6. ^ "At the end of a long road". Britain's small wars. Archived from the original on 18 December 2011. Retrieved 2 June 2012.
  7. ^ "No. 44326". The London Gazette (Supplement). 2 June 1967. p. 6301.
  8. ^ "No. 44493". The London Gazette (Supplement). 29 December 1967. p. 82.
  9. ^ "No. 46621". The London Gazette (Supplement). 30 June 1975. p. 8378.
  10. ^ "No. 48294". The London Gazette (Supplement). 1 September 1980. p. 12376.
  11. ^ "No. 49583". The London Gazette (Supplement). 30 December 1983. p. 7.
  12. ^ "No. 49800". The London Gazette (Supplement). 9 July 1984. p. 9435.
  13. ^ "No. 50583". The London Gazette (Supplement). 30 June 1986. p. 8719.
  14. ^ "No. 51696". The London Gazette (Supplement). 10 April 1989. p. 4296.
  15. ^ "No. 51772". The London Gazette (Supplement). 16 June 1989. p. 2.
  16. ^ "No. 52548". The London Gazette (Supplement). 3 June 1991. p. 8596.
  17. ^ "No. 53135". The London Gazette (Supplement). 14 December 1992. p. 21065.
  18. ^ "No. 53153". The London Gazette (Supplement). 16 June 1989. p. 2.
  19. ^ "Stephen Nolan". BBC. 15 May 2011. Retrieved 2 June 2012.
  20. ^ "Parliamentary questions". Hansard. 23 April 1998. Retrieved 2 June 2012.
  21. ^ "AGM keynote speaker Sir Michael Graydon says "Action not words needed on North Cyprus isolation"". Embargoed. 1 December 2006. Retrieved 2 June 2012.
  22. ^ "Wo we are". British Cyprus Memorial. Retrieved 2 June 2012.
  23. ^ "Royal British Legion Kyrenia Branch". Royal British Legion. Retrieved 2 June 2012.
  24. ^ "How much does he earn?: No 5: Air Chief Marshal Sir Michael Graydon, Chief of Air Staff". The Independent. 14 November 1993. Retrieved 2 June 2012.
Military offices
Preceded by
Sir John Sutton
Commander-in-Chief Support Command
1989–1991
Succeeded by
Sir John Thomson
Preceded by
Sir Patrick Hine
Commander-in-Chief Strike Command
1991–1992
Preceded by
Sir Peter Harding
Chief of the Air Staff
1992–1997
Succeeded by
Sir Richard Johns
Andrew Pulford

Air Chief Marshal Sir Andrew Douglas Pulford, (born 22 March 1958) is a retired senior Royal Air Force (RAF) commander. A helicopter pilot with operational service in Northern Ireland, the Falklands War and Iraq War, Pulford commanded RAF Odiham and No. 2 Group, and served as Assistant Chief of Defence Staff Operations, before taking up the post of Deputy Commander-in-Chief Personnel at Air Command and Air Member for Personnel in 2010. He became Chief of the Air Staff on 31 July 2013, retiring from the Royal Air Force on 12 July 2016.

Bugchasing

Bugchasing, also known in slang as charging, is the practice, typically among gay men or men who have sex with men, of pursuing sexual activity with HIV-positive individuals in order to contract HIV. Individuals engaged in this activity are referred to as bugchasers. It is a form of self-harm. Bugchasers seek sexual partners who are HIV-positive for the purpose of having unprotected sex and becoming HIV-positive; giftgivers are HIV-positive individuals who comply with the bugchasers' efforts to become infected with HIV.

Bugchasers indicate various reasons for this activity. Some bugchasers engage in the activity for the excitement and intimacy inherent in pursuing such a dangerous activity, but do not implicitly desire to contract HIV. Some researchers suggest that the behavior may stem from a "resistance to dominant heterosexual norms and mores" due to a defensive response by gay men to repudiate stigmatization and rejection by society.Some people consider bugchasing "intensely erotic" and the act of being infected through the "fuck of death" as the "ultimate taboo, the most extreme sex act left." People who are HIV negative and in a relationship with someone who is HIV-positive may seek infection as a way to remain in the relationship, particularly when the HIV-positive partner may wish to break up to avoid infecting the HIV negative partner.Others have suggested that some people who feel lonely desire the nurturing community and social services that support people with HIV/AIDS. It has also been used as a form of suicide.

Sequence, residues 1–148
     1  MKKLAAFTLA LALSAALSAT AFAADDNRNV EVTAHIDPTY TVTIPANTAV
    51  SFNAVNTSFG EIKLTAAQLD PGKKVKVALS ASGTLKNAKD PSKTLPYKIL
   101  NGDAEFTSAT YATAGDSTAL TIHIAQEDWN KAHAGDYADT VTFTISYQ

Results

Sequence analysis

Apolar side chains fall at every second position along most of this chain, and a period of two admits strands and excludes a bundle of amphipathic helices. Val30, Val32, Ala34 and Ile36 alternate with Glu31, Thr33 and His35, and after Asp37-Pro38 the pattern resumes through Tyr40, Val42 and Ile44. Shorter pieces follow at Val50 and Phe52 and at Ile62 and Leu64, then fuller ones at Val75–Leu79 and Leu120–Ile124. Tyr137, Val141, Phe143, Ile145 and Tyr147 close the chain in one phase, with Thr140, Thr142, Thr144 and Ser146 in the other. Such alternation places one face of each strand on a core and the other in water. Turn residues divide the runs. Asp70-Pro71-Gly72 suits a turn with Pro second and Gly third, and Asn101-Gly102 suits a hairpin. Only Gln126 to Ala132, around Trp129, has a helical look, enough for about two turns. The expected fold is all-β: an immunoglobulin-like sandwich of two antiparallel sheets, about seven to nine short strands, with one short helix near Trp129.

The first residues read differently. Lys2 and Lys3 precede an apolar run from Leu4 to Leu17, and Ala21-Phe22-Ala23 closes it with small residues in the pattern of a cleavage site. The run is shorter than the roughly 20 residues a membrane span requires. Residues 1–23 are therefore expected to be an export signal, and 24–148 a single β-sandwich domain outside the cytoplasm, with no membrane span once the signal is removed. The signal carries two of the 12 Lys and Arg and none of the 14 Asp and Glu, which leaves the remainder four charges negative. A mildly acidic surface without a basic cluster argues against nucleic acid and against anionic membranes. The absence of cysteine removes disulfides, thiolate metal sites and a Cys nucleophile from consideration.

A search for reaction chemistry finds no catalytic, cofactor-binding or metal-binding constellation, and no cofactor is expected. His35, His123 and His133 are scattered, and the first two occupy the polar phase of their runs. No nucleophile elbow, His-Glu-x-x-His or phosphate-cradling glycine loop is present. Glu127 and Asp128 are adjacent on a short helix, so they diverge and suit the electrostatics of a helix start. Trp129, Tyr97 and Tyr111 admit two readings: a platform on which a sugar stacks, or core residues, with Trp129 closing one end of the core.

Chief of the Air Staff's Warrant Officer

The Chief of the Air Staff's Warrant Officer (CASWO) is the senior warrant officer (WO), and therefore the most senior non-commissioned position in the Royal Air Force (RAF). The person holding this military appointment advises the Chief of the Air Staff (CAS) on matters concerning airmen and airwomen of the RAF. The post was created in 1996.

Chief of the Air Staff (United Kingdom)

The Chief of the Air Staff (CAS) is the professional head of the Royal Air Force and a member of both the Chiefs of Staff Committee and the Air Force Board. The post was created in 1918 with Major General Sir Hugh Trenchard as the first incumbent. The current and 30th Chief of the Air Staff is Air Chief Marshal Michael Wigston, who succeeded Sir Stephen Hillier in July 2019.

John Sutton (RAF officer)

Air Marshal Sir John Matthias Dobson Sutton, (9 July 1932 – 21 November 2014) was a Royal Air Force officer who served as Air Officer Commanding-in-Chief at RAF Support Command from 1986 to 1989 and Lieutenant Governor of Jersey from 1990 to 1995.

John Thomson (RAF officer)

Air Chief Marshal Sir Charles John Thomson, (7 June 1941 – 10 July 1994), usually Sir John Thomson, was a senior officer in the Royal Air Force (RAF).

Keith Williamson

Marshal of the Royal Air Force Sir Keith Alec Williamson, (25 February 1928 – 2 May 2018) was a senior officer in the Royal Air Force. He served with the Royal Australian Air Force flying Meteors in a ground attack role during the Korean War. He was a squadron commander and then a station commander during the 1960s and a senior air commander in the 1980s. He was Chief of the Air Staff during the early 1980s at the time of the emergency airlift of food and supplies to Ethiopia ("Operation Bushel").

Michael Vandort

Michael Graydon Vandort (born 19 January 1980 in Colombo) is a Sri Lankan cricketer. He is a left-handed batsman and a right-arm medium-pace bowler. He is one of the tallest batsmen ever to play test cricket and stands at 6 feet 5 inches.

Michael Wigston